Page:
I started thinking about the topic of this post even before I saw this image today on the Twitter page of @halocline_gg.
I immediately breathed a sigh of relief upon seeing the photo. This hobby disaster had nothing to do with me.
To run into a sign like this -- if it involved baseball -- would be deflating. And that's why I was relieved that it was targeting a product -- and collectors -- that are so far removed from the way I collect.
Here are the things that I don't care about concerning 2019-2020 Optic Mega Boxes:
1. It's Panini
2. It's basketball
3. It's basketball players on Panini cards.
There are few cards that I know I will never buy, but current basketball cards are definitely in that category.
And here's the exercise: since I have a wide variety of card interests and lots of things that I would buy, I tried to think of cards I would never buy. Ever. Not on a whim. Not on a dare. Never.
I came up with a few. Let's start with the topic du jour:
1. Current basketball cards
Nobody freak out, this is not my card. I don't even know if it's the card everyone wants. I just saw the price it was selling for and the player and figured it'd be a reason why people are tearing up card shelves.
There is no chance that I would pick up a box or pack of current basketball cards. I have zero interest. In fact, the only basketball cards that intrigue me are those cards on tremendous designs from the early 1970s. I may never pick up any of those either, yet it's a possibility.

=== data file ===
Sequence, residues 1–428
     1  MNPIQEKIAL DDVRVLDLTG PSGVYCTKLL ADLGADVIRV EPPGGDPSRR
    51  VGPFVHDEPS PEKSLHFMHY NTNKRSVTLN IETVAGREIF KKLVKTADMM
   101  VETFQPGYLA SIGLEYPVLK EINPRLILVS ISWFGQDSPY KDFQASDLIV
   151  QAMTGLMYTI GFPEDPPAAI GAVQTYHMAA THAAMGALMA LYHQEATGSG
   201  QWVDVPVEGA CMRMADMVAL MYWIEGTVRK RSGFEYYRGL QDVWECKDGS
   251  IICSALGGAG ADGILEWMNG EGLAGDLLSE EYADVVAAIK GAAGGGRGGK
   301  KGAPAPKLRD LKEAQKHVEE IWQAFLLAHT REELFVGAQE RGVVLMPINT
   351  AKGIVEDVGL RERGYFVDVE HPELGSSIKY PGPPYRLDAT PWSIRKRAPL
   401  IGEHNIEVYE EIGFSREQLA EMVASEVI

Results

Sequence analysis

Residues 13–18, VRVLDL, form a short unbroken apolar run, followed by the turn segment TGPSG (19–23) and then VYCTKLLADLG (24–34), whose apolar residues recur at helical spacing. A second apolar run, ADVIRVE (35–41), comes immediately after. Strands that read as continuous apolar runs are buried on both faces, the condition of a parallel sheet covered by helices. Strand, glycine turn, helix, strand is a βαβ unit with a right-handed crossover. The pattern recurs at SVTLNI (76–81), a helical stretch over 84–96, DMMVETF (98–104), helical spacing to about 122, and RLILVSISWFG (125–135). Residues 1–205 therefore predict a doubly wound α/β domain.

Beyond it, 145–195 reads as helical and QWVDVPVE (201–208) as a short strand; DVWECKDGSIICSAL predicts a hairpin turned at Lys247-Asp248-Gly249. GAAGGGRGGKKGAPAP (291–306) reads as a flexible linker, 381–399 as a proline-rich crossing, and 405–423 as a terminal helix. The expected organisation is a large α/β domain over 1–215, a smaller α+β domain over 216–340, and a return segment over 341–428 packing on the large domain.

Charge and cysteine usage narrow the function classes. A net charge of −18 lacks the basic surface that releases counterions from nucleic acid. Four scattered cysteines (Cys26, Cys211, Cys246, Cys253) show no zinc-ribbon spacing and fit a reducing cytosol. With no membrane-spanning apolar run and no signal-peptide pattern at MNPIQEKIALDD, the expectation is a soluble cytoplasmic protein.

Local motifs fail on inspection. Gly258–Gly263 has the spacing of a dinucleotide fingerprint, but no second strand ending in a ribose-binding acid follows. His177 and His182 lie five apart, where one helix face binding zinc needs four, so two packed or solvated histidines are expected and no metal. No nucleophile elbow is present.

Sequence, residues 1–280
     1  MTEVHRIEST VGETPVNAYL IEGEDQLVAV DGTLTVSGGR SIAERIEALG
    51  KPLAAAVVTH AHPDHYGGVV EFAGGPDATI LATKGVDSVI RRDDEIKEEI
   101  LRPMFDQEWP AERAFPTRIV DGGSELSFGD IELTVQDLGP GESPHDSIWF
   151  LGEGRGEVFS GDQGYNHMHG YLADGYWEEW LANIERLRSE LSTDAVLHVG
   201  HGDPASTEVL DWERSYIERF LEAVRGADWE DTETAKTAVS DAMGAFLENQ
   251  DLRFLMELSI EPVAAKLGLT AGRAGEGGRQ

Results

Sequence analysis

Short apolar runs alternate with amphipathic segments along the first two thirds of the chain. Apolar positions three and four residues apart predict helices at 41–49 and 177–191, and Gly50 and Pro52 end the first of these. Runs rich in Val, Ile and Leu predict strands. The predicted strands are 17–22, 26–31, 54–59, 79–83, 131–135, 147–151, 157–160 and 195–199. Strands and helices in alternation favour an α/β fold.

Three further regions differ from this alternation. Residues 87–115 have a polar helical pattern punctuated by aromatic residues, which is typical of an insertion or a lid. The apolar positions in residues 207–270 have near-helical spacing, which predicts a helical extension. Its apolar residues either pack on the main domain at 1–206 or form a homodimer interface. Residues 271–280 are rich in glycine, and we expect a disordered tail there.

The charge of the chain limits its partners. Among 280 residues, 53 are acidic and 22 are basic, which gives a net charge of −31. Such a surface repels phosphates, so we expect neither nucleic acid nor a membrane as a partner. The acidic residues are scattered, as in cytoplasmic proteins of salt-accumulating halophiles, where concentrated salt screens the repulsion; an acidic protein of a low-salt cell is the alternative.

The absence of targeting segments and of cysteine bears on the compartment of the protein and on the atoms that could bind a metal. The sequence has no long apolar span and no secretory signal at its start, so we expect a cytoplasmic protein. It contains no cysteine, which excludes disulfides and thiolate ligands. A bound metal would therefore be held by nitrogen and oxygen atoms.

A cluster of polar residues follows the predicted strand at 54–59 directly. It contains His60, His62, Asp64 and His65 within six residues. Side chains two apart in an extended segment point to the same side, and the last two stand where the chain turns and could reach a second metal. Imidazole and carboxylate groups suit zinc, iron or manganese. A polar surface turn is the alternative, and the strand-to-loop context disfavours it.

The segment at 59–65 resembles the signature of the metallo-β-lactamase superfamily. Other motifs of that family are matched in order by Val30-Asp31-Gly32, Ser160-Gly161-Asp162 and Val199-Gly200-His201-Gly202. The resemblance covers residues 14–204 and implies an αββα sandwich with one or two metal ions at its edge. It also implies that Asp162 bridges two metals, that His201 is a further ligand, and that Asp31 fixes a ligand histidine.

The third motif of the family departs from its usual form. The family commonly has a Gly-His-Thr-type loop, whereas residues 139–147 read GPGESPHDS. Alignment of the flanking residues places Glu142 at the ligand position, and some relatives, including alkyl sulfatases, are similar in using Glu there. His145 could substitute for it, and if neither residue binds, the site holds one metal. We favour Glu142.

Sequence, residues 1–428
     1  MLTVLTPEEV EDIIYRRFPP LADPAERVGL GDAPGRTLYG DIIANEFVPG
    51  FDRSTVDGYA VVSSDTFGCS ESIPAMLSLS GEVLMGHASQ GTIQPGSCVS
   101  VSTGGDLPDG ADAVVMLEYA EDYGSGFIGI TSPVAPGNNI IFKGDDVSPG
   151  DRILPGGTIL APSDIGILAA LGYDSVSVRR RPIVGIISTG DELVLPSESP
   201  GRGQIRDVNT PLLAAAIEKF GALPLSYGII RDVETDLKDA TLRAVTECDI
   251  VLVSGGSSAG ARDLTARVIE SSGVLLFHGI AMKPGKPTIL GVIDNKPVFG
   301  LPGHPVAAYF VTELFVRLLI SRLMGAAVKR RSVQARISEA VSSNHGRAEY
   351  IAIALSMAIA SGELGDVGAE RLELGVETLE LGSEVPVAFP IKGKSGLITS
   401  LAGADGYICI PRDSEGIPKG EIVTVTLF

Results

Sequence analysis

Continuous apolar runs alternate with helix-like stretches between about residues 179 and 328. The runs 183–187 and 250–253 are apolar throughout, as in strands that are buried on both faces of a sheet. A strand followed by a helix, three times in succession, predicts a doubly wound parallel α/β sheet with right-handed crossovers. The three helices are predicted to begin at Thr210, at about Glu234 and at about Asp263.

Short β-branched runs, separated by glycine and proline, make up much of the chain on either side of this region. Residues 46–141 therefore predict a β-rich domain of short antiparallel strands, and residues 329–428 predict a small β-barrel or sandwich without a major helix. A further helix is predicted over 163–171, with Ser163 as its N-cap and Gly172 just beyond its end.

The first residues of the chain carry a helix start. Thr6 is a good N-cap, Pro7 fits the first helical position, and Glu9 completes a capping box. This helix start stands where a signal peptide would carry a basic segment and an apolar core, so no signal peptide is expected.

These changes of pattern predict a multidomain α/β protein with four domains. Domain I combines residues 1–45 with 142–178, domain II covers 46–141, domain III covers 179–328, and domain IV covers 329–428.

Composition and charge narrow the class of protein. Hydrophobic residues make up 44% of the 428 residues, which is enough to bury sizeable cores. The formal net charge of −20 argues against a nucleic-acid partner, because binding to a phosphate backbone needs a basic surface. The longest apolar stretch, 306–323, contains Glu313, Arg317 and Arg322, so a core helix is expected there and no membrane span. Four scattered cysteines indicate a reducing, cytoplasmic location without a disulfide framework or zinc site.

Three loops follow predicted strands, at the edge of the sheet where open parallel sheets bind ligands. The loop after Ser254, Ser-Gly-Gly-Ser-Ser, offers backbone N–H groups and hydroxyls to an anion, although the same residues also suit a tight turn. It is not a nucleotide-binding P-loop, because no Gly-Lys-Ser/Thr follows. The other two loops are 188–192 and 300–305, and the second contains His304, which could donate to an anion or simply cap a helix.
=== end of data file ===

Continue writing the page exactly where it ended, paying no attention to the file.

But modern hoops? I will avoid the fray.
2. Buybacks that aren't from 1975 Topps
You've seen plenty of buyback cards on my blog.
The vast majority are from 1975 Topps. That's because I'm trying to complete that set in buyback form. And I'm doing that because I think buybacks are stupid and I want some sort of meaning to come from them.
To me, buybacks will always be ruined cards as long as that stamp is defacing the card. And I'll never buy a non-75 one. What's the point? I can just get the actual card without the stamp.
3. Cut signature cards
Like buybacks, cut signature cards ruin cardboard. What was once a lovely 1953 Topps card of Pittsburgh twirler Cal House has been chopped up and shoved into a pointless border. It's the card equivalent of a kidnapping and stuffing the victim in a trunk.
It looks ugly. It's lost its meaning. It's practically heartbreaking.
If I was an autograph collector, I could see the point of getting a card like this if it's the only way you can get that player's autograph. But I'm not an autograph collector and, once again, what a relief.
4. Current Leaf cards
This card is from a 2019 Leaf set that just came out. Kody Hoese is a top Dodgers prospect.
You know me, I'm a Dodgers fan who likes as many Dodgers cards as I can get. But I will be able to avoid this card all day. I'll be able to avoid any current Leaf Dodgers card because, good god, are they atrocious.
The images are lousy, there are no logos anywhere, the designs are brutal. I feel like I'm wasting money just viewing the image.